SUN Hockey Pool

NHL makes it official

LANCE HORNBY -- Toronto Sun

, Last Updated: 10:03 AM ET

The National Hockey League and the NHL Players' Association have the first tangible proof of renewed co-operation -- an official deal on reduced goaltending equipment.

The truce is not part of a new collective bargaining agreement, but because it was jointly agreed upon and time is of the essence for manufacturers, those companies were yesterday informed by fax to proceed with the changes.

Pads will be reduced to 11 inches in width from 12 and blockers will be cut in height to 15 inches from 16. The width of blockers will remain eight inches. Three inches will come off of the circumference of catching gloves.

Pants will be reduced to 10 inches from 11 at the front and a goalie with a 34-inch waist will not be allowed to climb into a pair of triple XLs.

It already was decided to go with tighter fitting sweaters. The league will doggedly be looking for cheaters.

"We've used one of our goalies, Dwayne Roloson (of the Minnesota Wild), as part of the NHL-NHLPA testing (earlier this spring)," said Brad Janson, sales manager for TPS Hockey. "We already have his specifications for the new stuff. There's no way we could break it in if they didn't okay it until September.

"My only problem is that while (NHL hockey operations executives) Colin Campbell and Mike Murphy are behind this and so is (PA associate counsel) Ian Pulver, the general managers haven't been heard from. I've been down this road before where it looked like reduced pads were coming and they were squashed (a casualty of pre-lockout league-player grievances)."

But it is believed the GMs gave hockey operations a green light to reduce gear without it coming to a vote.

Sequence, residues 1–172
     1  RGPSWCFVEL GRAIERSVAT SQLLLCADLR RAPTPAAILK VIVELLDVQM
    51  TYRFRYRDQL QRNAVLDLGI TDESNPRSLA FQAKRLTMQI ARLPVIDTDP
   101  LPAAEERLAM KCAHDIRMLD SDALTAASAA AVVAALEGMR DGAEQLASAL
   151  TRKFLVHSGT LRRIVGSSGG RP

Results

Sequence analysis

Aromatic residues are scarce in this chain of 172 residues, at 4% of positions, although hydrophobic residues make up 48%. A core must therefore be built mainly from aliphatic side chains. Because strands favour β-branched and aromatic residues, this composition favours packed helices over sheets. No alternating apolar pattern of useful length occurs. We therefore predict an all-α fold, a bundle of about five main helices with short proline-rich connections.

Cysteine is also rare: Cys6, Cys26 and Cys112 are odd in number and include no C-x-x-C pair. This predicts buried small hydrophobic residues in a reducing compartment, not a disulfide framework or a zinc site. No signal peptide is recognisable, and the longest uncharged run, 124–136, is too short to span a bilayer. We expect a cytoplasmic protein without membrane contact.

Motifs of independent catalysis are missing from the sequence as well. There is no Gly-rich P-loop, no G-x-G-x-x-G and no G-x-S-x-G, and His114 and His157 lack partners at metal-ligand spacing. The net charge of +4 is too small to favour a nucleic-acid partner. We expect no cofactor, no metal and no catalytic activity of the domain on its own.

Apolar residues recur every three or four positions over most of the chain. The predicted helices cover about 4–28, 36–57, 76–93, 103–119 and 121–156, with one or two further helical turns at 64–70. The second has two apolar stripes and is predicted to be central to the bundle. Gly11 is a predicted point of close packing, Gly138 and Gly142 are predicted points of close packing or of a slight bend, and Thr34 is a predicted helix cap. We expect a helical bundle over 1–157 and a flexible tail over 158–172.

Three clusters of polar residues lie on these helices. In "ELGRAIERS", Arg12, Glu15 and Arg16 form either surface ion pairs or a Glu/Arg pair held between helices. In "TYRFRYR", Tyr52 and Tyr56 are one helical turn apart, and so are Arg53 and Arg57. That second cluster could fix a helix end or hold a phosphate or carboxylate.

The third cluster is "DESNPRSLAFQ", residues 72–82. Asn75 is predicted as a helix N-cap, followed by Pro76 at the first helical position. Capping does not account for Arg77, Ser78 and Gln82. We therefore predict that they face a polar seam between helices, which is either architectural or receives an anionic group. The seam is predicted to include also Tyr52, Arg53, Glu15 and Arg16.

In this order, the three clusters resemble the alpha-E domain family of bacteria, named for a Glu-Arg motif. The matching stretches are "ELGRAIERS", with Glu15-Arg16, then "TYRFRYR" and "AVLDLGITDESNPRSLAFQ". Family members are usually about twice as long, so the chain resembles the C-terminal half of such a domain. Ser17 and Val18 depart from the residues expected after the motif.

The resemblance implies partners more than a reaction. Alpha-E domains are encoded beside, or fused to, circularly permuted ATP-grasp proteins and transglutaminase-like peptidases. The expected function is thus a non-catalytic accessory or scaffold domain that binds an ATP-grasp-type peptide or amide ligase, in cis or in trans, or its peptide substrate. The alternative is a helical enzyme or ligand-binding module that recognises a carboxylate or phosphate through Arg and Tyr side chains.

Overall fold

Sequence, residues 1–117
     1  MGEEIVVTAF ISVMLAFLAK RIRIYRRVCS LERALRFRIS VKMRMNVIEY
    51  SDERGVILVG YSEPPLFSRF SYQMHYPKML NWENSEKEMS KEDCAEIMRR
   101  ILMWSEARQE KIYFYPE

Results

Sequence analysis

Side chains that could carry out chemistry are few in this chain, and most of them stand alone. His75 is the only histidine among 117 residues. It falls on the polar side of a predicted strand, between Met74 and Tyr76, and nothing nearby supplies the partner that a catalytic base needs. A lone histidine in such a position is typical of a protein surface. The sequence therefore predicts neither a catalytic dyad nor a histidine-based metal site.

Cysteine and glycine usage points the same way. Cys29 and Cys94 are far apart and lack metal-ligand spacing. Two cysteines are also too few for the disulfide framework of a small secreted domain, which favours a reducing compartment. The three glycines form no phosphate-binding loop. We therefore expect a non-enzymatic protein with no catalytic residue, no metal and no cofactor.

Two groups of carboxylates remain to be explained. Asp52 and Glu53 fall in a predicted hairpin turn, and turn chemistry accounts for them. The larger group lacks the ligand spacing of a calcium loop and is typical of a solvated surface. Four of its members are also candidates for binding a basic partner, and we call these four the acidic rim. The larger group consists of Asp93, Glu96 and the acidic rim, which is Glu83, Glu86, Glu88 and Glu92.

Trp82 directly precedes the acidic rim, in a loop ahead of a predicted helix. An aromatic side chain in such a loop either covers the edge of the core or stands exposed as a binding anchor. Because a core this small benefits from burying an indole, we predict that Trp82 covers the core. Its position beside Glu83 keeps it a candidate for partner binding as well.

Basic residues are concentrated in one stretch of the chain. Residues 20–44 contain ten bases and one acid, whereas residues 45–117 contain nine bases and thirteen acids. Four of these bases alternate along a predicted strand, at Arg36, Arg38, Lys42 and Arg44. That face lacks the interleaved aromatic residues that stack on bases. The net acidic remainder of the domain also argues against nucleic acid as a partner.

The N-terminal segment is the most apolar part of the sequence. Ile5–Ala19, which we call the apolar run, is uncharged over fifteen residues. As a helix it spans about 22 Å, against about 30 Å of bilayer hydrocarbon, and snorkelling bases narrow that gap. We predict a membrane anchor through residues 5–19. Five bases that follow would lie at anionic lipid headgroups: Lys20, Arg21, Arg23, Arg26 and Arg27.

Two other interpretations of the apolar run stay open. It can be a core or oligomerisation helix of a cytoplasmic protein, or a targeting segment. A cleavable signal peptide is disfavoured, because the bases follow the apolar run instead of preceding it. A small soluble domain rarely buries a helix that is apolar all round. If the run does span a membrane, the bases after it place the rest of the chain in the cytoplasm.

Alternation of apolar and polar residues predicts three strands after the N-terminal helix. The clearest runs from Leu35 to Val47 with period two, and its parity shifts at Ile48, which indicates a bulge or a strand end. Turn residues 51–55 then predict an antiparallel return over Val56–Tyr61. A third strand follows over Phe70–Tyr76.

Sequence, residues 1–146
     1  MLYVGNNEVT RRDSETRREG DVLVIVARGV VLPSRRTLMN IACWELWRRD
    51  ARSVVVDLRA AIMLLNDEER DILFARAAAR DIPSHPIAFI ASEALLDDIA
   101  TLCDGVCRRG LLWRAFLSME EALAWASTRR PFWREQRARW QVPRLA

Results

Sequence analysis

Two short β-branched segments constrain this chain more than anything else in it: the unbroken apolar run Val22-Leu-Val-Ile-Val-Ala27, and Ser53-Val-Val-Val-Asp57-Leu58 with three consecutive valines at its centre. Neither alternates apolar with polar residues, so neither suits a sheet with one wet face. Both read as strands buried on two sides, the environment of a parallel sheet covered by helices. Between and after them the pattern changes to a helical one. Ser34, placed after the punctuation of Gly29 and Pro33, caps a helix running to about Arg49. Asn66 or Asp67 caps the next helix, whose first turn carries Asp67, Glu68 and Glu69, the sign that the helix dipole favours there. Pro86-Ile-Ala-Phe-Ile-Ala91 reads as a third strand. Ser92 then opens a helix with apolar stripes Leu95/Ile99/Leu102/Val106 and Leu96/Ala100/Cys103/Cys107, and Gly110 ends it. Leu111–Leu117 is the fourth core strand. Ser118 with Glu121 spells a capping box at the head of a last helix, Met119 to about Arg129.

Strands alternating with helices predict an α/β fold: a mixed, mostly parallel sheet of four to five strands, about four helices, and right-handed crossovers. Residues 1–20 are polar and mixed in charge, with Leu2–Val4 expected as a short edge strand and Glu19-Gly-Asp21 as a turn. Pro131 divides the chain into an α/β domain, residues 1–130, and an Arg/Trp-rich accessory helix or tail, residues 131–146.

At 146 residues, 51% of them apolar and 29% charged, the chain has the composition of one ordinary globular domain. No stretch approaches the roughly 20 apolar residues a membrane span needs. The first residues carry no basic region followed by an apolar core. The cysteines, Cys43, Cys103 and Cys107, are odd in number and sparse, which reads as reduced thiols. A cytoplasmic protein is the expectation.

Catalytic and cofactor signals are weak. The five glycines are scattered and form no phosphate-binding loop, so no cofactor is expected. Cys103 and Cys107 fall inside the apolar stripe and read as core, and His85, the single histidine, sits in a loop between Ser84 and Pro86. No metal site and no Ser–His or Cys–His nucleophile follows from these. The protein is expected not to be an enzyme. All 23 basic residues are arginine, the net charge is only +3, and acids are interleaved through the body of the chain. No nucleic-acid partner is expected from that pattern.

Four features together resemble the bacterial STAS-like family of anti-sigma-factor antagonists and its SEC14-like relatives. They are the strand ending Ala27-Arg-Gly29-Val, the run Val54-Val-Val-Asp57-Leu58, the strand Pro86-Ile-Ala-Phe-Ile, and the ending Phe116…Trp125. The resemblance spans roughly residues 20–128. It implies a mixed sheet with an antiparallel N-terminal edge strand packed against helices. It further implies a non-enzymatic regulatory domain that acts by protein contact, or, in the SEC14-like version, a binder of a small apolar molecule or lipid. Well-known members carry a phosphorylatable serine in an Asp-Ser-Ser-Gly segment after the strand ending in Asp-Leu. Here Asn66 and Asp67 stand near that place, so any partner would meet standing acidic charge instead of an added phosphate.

Maple Leafs goaltending coach Steve McKichan has been anticipating the change in equipment and said it will lead to some style adjustments.

"Goalies are either blockers or reactors and most of our Leafs are reactors," McKichan said. "That means they're less impeded by equipment and should only need to make position their priority.

"Butterfly goalies will see a difference with less ability to stack their arms."

McKichan has faith that technological advances in equipment will mean smaller gear will be just as safe, a real fear of goalies who know the potential puck velocity from a one-piece stick.

"It's not as dangerous as when Gump Worsley played (without a mask)," McKichan said.

"The gear is better and as long as the new equipment will be the same for everyone, it shouldn't be a problem."

Roloson hopes the changes in equipment don't extend to adoption of wider nets.

"That's what has me worried," Roloson said. "I'm a traditionalist. If they think that's the way to open up scoring, then they're barking up the wrong tree."


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